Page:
Johan Camargo was probably the biggest surprise of the 2017 season for the Atlanta Braves. He was also the result of some of the biggest arguments. Will he be able to take another step forward in 2018?
What were the expectations?
Frankly not a lot. Camargo was highly regarded as one of the best fielding prospects in the Braves’ minor league system. However, there were questions about his bat and whether he would hit enough to stick in the majors.
Camargo went to spring training with the major league club and showed some nerves committing six errors in just 15 games. He began the season at Gwinnett but was quickly called to Atlanta in early April when Matt Kemp was sidelined with a hamstring injury. He returned to Gwinnett at the end of the month and made another cameo appearance in the majors in mid-May.
Camargo put up solid numbers at Triple-A hitting .295/.340/.473 and 123 wRC+ in 33 games.
By the start of June, Camargo was in the majors to stay and started to see increased playing time at third base and shortstop. He appeared in 23 games in June and hit .313. His performance led him to eventually take over the shortstop position from Dansby Swannson who was subsequently demoted to the minors. Camargo hit .295 in July before suffering a knee injury while hopping over the foul line while running onto the field before the start of a game against the Phillies on August 8.
That injury cost him about a month as he returned to action on September 6. With Swanson back at short, He worked his way into semi-regular playing time at third.
Camargo finished the season hitting .299/.331/.452 in 82 games and was worth 1.2 fWAR. That’s nearly a 3 WAR pace over a full season, and is what happens when you combine a league-average bat with some fine defense.
Camargo raised his stock considerably in 2017 but there are still a number of questions left to be answered. He excelled at the plate but benefited from an elevated BABIP of .364. There are myriad things to discuss about the replicability of Camargo’s results going forward, including that he posted an insane doubles rate that just seems crazy-difficult to replicate for pretty much any hitter: over eight percent of his PAs ended in doubles, which was second behind Jose Ramirez for players with 200 or more PAs. In addition, the top 10 percent of these players by doubles rate averaged 15 homers, and had a homer rate of 3.2 percent, which is average-ish. Meanwhile, Camargo knocked only four homers and had nearly a bottom 10 percentile homer rate.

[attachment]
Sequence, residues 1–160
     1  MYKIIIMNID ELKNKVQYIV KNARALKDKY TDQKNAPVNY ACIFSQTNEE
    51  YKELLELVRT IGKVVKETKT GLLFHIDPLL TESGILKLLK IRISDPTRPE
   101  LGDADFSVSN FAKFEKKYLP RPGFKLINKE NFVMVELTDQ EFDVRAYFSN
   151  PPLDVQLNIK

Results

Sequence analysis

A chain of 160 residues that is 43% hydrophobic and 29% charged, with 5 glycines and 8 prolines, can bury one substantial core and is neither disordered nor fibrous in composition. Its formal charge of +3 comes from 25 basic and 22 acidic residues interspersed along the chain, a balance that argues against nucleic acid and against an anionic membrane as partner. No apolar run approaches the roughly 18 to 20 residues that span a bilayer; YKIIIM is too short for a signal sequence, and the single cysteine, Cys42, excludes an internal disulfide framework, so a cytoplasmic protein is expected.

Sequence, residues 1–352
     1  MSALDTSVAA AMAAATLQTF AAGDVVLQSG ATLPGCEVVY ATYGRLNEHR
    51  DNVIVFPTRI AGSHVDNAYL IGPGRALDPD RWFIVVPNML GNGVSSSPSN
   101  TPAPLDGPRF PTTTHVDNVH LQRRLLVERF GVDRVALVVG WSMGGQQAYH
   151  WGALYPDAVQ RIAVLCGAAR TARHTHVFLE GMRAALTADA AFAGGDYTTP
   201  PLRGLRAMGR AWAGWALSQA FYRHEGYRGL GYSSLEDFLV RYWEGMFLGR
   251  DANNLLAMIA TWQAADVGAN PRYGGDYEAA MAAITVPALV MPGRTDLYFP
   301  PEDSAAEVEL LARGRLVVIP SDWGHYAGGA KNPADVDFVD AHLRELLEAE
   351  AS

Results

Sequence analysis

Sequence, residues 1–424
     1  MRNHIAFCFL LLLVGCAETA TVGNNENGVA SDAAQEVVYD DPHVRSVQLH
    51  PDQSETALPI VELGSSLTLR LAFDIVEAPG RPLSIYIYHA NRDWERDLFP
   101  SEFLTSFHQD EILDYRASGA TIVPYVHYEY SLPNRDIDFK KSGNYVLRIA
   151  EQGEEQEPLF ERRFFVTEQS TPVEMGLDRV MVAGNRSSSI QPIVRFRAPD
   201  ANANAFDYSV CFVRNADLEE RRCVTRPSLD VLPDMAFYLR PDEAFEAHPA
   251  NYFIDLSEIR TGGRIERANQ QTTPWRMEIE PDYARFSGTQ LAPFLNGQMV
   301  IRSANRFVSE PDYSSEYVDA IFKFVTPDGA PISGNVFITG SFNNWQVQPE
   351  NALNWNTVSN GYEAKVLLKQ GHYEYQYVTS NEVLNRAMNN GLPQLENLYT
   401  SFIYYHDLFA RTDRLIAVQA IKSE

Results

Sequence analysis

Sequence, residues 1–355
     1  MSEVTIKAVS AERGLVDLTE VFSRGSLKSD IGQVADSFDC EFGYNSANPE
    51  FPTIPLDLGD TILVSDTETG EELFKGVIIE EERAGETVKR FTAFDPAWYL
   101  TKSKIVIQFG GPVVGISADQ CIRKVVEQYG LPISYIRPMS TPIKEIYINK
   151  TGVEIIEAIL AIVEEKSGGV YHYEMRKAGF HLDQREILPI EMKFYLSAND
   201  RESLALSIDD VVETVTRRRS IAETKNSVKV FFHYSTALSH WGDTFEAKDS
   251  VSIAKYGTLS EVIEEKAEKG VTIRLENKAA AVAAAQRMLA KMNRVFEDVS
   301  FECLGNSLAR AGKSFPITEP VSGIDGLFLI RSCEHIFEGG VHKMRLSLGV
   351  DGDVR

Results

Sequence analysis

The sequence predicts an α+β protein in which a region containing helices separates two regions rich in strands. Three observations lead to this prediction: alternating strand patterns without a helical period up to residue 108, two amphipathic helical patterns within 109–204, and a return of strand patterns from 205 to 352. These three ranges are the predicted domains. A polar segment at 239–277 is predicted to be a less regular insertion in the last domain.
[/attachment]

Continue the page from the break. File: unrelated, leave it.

More importantly, though, Camargo’s xwOBA, which is a measure of aggregate offensive production expected based on exit velocity and distance traveled, was below .300 at .297. He had the seventh-highest wOBA on the team, but the 12th-highest xwOBA, behind those of Jace Peterson and Rio Ruiz. His gap between wOBA and xwOBA was .040. While Ender Inciarte had a bigger gap and consistently outperforms his xwOBA in a way that seems ludicrous but appears to be semi-sustainable at present, it remains to be seen whether this is also a weird Camargo skill. That’ll be an interesting narrative to track for 2018.
Camargo looks like a perfect fit for a super utility player that could line up at any position in the infield as well as some spot starts in the outfield. His emergence seemed to make Sean Rodriguez expendable and the Braves dealt him back to Pittsburgh in August.
Still as of this writing, Atlanta has no clear cut solution at third base and if things remain the same, Camargo should see an opportunity to win an everyday job in spring training. The possibility of a platoon with Rio Ruiz is also there. Camargo did essentially all of his 2017 damage against lefties (190 wRC+) and couldn’t hit righties at all (65 wRC+) despite his switch-hitter status, so if Ruiz can do anything against righties going forward, that could be an option for the Braves.
Camargo went from essentially an afterthought at the beginning of the season to looking like a potential piece of the future. He will need to prove that it wasn’t a fluke in 2018.